Tuesday 24 August 2010

Do People Really Talk Like That?

It's a question worth asking yourself all the time as you write. Do people really talk like that? There are plenty of moments where, if you're honest with yourself, someone has only really said something in a certain way in order to provide the set-up for a joke.

A stand-out example of this for me was the much un-loved Frank Skinner sit-com Shane. I watched an episode a year or so ago and rather enjoyed it. The only bit that diminished my enjoyment was that Frank Skinner had almost all of the jokes and that everyone else had feed-lines. On top of this, the feed lines didn't always sound right or natural, which telegraphed the fact that a joke was on the way and therefore spoiled the joke (and also made one aware that the whole programme is a conceit, which is not something you want to remind your audience of). Sometimes it's hard to avoid a clunky set-up line, especially when the joke you have in mind is a real cracker. But the skill of the writer is to make the dialogue sound real, or natural, or at least real enough.

When The Office came out, the critics and the industry went wild. Here was 'real' dialogue. This is true. The dialogue did sound real (although let's not forget that the character add times spoke directly to camera, in a documentary, and the they played fairly fast and loose with the docu-format).

The Office was truly brilliant as a non-audience show. (Critics then, bless them, returned to studio sitcoms and slammed them for being contrived or fake or silly, when, as I often say on this blog, the audience do realise it's a contrivance and they're okay with that). The Office, though, had an effect though on other writers, who wanted to write dialogue like the dialogue in The Office, and number of other shows, mostly forgotten, came and went that focussed on awkward silences and ennui. Spaced was another groundbreaking show that inspired another generation of writers, and created 'a way of talking'. Let's not forget Peep Show and The Thick of It.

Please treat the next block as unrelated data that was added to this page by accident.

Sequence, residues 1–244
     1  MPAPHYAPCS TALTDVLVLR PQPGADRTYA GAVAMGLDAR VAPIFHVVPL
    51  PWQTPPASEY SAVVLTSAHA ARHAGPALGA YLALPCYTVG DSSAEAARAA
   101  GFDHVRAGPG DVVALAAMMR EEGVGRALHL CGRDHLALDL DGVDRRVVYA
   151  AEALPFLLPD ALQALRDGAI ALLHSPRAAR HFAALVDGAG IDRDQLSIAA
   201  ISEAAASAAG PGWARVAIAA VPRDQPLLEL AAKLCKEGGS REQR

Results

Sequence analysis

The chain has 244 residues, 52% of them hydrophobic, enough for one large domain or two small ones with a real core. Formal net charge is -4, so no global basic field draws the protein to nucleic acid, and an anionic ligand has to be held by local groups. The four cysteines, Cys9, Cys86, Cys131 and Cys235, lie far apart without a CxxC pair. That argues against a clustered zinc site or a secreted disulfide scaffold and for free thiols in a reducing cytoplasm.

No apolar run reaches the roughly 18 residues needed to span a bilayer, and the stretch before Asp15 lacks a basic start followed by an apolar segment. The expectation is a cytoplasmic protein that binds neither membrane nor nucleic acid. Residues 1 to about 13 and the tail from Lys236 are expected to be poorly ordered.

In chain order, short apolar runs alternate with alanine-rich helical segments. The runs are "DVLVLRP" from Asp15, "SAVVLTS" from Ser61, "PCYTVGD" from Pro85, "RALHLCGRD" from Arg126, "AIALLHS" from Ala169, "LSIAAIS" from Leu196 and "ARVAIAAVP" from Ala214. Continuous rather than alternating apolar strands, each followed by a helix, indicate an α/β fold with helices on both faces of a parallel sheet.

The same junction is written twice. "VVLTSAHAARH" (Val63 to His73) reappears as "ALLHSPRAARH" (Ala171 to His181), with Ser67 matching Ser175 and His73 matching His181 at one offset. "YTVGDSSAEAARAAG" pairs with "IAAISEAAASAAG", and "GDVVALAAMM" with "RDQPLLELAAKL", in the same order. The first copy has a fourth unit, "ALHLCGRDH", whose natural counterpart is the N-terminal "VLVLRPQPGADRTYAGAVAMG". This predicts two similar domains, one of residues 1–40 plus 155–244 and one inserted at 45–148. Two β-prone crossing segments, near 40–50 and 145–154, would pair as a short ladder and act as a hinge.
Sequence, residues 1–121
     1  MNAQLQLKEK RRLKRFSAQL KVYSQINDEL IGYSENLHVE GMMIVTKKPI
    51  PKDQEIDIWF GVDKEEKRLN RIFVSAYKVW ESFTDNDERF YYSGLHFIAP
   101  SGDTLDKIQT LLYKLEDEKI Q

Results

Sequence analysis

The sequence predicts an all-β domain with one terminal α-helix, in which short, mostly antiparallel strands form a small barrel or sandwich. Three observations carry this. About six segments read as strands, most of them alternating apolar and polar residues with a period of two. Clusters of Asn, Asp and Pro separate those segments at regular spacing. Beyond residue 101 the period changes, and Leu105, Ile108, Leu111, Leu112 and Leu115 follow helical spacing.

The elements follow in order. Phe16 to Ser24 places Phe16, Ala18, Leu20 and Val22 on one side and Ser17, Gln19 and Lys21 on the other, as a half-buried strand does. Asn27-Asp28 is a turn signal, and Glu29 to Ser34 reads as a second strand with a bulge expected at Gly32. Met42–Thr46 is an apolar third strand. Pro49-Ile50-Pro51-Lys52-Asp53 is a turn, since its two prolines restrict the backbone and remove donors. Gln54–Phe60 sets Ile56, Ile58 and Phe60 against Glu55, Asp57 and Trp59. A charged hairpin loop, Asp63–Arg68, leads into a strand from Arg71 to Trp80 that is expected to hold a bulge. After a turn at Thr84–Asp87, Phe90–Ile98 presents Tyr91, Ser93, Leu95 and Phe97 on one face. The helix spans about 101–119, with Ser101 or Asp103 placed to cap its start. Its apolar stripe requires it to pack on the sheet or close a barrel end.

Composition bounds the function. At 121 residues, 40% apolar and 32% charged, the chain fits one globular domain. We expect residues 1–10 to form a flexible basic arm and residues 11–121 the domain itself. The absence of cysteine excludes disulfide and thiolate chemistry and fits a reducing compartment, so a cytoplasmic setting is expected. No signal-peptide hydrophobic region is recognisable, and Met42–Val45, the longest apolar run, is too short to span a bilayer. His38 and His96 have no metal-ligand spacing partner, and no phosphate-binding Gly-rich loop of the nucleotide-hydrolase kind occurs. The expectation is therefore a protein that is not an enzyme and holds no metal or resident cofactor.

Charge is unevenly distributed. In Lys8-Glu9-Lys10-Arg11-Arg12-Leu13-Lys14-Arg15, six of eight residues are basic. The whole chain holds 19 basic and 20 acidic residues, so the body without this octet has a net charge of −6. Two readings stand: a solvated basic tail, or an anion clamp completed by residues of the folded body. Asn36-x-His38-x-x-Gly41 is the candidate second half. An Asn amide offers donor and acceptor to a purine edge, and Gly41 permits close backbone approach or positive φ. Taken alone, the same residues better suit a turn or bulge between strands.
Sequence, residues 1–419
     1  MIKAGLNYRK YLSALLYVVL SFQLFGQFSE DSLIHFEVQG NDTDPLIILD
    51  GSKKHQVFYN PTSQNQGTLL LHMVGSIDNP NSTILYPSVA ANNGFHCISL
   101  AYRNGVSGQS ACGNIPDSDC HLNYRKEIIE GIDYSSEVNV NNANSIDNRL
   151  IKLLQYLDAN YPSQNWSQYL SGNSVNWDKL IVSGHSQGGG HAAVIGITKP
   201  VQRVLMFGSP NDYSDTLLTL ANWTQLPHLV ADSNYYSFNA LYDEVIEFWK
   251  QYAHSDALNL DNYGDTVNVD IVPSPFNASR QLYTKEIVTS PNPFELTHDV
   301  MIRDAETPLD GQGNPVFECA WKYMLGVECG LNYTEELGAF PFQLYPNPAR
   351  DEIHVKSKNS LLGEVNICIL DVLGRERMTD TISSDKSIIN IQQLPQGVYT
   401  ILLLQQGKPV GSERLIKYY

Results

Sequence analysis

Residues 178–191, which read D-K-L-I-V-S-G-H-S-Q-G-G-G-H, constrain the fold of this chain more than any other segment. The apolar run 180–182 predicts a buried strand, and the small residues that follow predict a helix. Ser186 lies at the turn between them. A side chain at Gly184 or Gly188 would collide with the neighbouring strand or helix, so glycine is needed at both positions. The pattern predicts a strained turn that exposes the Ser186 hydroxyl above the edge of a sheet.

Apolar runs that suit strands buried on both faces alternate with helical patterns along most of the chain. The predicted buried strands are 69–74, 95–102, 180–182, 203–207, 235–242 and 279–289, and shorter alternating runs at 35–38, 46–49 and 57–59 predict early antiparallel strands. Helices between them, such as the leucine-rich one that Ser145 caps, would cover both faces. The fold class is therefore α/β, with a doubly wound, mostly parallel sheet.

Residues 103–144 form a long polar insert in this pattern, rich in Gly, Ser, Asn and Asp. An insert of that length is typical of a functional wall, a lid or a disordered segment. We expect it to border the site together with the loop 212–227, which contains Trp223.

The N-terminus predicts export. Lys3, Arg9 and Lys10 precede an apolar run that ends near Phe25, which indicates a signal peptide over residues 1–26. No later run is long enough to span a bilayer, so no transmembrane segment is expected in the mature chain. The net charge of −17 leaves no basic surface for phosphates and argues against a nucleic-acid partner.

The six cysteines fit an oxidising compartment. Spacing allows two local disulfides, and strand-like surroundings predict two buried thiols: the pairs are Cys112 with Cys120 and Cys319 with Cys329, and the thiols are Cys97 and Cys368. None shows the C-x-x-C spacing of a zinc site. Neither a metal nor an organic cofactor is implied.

Likewise, monstrously successful shows like Friends, Frasier and Seinfeld have almost created a 'way of talking' that really trips of the tongue and gives a show a feeling of pace. This is fine - if you're an American writer and writing for American audiences. But sometimes this kind of wise-cracking talking finds it way into British comedy.

The reason I mention this is because one or two shows recently - and the odd movie - have felt very unreal to me because of the dialogue and 'way of talking'. It's as if the writers were writing a show that were designed to sound like other shows. It's impossible to tell whether this is intentional - either because the writer in question is writing that way because he/she thinks the audience will like it, or because he/they likes it and it sounds good, or because he/we don't realise we're doing it.

The example that made me shout at my television the most was a movie on TV called Frequently Asked Questions about Time Travel - directed by a good comedy director and had funny actors in it. But it felt like the script was half-way between Hitchhikers and Hot Fuzz. That sounds like a good place to be - but it was just that and only that. It was only influences. I didn't believe any of the characters, or the set-up - and this was highlighted by the fact that people in real life just don't talk like that. What's more, the Hot Fuzz area is dangerous because it is a movie heavily influenced by other movies.

Screenwriters need to know how real people talk and write concise and characterful dialogue in that style. If you spend your life watching movies and TV, and TV influenced by movies, and movies influenced by TV, you'll end up trapped in an unreal life that doesn't connect with reality. Decent writing is about truth. If there's no ring of truth - in situation, character or dialogue - it's just someone talking cliche's or secondhand speech. If you're doing that, stop writing now and get a part-time job, get married and have a child, go into politics or just do something that isn't about TV.